Miller said there is no factual basis for claims the FBI infiltrates mosques or conducts blanket surveillance of Muslim leaders.
"Based on information of a threat of violence or a crime, we investigate individuals, and those investigations may take us to the places those individual go," Miller said.
Miller questioned the timing of the petition, noting that it comes after the FBI suspended ties with CAIR, partly because it was named as an unindicted coconspirator in the case against the Holy Land Foundation for Relief and Development—a group charged with bankrolling schools and social welfare programs the U.S. government says are controlled by Hamas.
Afsheen Shamsi, a spokeswoman for CAIR's New Jersey chapter, dismissed the idea that the petition is retaliation. She said it reflects the concerns of Muslims who have grown tired of being stopped at airports, constant questioning and relentless scrutiny eight years after the attacks of Sept. 11.
"I believe the Muslim community is questioning whether the mosque visits and the handshakes are just a big show by the FBI, while behind the scenes, they continue to engage in questionable practices," she said.
The petition is gaining little traction in New Jersey, home to one of the nation's largest concentrations of Muslims, and a place where relationships between Muslims and law enforcement were heavily tested in the aftermath of 9/11.
New Jersey lost 744 residents in the attacks; many Muslims were among the victims. Several of the 9/11 hijackers had lived in Paterson for a time, and many Muslims detained after the attacks were held in New Jersey jails.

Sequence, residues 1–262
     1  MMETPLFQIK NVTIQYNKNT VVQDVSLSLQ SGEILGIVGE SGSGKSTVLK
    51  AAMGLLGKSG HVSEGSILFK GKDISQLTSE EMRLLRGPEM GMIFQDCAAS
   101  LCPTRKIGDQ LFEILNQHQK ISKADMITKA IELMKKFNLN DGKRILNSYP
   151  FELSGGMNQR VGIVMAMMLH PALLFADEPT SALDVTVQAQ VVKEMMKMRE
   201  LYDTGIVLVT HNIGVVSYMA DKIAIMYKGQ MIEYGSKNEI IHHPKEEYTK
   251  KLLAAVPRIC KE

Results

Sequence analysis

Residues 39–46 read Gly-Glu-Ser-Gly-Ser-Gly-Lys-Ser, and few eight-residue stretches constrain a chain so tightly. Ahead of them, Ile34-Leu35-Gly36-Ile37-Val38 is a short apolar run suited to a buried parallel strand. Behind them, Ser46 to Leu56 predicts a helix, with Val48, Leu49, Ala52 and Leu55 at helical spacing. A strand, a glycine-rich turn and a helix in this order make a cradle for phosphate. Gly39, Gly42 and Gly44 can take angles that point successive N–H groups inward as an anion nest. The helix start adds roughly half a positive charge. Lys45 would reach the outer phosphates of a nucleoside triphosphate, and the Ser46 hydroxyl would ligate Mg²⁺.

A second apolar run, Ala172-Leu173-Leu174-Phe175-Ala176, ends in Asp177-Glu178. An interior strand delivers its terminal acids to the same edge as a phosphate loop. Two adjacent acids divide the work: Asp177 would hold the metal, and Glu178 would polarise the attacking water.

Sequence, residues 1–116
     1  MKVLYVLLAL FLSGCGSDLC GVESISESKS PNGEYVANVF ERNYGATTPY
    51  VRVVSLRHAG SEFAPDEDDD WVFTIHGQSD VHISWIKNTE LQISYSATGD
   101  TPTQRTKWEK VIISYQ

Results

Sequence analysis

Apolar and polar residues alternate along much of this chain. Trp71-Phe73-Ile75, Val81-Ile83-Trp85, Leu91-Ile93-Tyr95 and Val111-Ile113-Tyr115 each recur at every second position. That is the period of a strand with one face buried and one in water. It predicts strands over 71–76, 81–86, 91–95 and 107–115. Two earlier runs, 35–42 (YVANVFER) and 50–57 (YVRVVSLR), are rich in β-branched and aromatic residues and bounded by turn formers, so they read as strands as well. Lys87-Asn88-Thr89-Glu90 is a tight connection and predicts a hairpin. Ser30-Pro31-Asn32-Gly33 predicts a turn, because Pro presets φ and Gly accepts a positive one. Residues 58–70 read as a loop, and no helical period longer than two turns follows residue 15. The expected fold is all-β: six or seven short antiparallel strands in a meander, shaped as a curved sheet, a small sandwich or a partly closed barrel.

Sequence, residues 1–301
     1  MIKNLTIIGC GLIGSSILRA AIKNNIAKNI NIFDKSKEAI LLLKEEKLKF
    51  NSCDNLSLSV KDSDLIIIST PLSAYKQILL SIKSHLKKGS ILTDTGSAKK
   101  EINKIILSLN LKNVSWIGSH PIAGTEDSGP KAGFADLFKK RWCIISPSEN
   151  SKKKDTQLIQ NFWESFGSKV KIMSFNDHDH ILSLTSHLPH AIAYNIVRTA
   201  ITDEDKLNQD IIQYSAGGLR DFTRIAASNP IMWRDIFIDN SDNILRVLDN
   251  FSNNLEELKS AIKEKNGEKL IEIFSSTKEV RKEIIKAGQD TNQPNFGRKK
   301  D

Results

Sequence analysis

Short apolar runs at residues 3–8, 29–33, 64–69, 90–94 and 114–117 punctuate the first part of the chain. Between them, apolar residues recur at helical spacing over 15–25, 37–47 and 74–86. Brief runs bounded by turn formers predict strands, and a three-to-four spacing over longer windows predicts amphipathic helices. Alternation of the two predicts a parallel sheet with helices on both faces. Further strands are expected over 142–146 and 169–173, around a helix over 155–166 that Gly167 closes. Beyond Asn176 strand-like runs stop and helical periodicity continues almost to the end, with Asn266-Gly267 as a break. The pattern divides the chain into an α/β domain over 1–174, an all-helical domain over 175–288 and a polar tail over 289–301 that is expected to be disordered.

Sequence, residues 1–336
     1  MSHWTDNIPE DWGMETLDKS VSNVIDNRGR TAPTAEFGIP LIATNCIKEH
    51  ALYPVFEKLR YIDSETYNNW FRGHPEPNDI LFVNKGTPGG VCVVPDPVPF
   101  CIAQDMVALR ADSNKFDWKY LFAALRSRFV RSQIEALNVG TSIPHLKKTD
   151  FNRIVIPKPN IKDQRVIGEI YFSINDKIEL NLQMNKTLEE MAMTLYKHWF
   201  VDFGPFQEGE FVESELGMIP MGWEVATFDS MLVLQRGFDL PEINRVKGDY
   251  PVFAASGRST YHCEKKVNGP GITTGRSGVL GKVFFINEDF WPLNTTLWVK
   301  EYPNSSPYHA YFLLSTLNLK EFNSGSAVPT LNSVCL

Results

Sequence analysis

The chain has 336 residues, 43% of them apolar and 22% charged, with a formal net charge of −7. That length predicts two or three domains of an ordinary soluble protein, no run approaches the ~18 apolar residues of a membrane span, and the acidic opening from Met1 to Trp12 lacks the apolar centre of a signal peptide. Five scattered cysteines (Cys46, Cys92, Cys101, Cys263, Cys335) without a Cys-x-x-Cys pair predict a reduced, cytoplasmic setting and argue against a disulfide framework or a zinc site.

But Muslim leaders say the FBI distinguished itself by reaching out to Muslims, Arab Americans and groups like Sikhs in the wake of 9/11. Relationships forged between the FBI and Muslim leaders in New Jersey have endured since.
At Qatanani's mosque in Paterson after 9/11, the imam invited FBI agents to lecture congregants on how to recognize terrorists. Qatanani also helped train FBI agents on how to deal respectfully with Muslim detainees and community members.
When Qatanani became the subject of a high-profile deportation case last year, several high-ranking law enforcement officials took the stand on his behalf.
Aref Assaf, a mosque member and supporter of Qatanani who heads the Paterson-based American Arab Forum, say despite the imam's immigration ordeal, he has urged his supporters not to sever ties with federal law enforcement. When the petition came up at a recent meeting of New Jersey Muslim leaders, Assaf said many declined to sign it.
"I'm a believer that law enforcement does not have a built-in anti-Muslim policy," he said.
"I know from dealing with FBI leaders they have been very forceful in their expressions of solidarity with our faith and culture, but there is a line, where we have to accept that as part of our dealings with them, they have a job to do, to make sure there are no terrorists in our midst or anywhere else."
Agha Saeed says relationships between the FBI and Muslims in other parts of the country have been more one-sided.
"There was a sense of mutuality at first. ... These local connections people made, they wanted to see it as working with law enforcement and making the community better," he said. "I am stupefied by the fact that they (the FBI) are burning down the bridges that they need."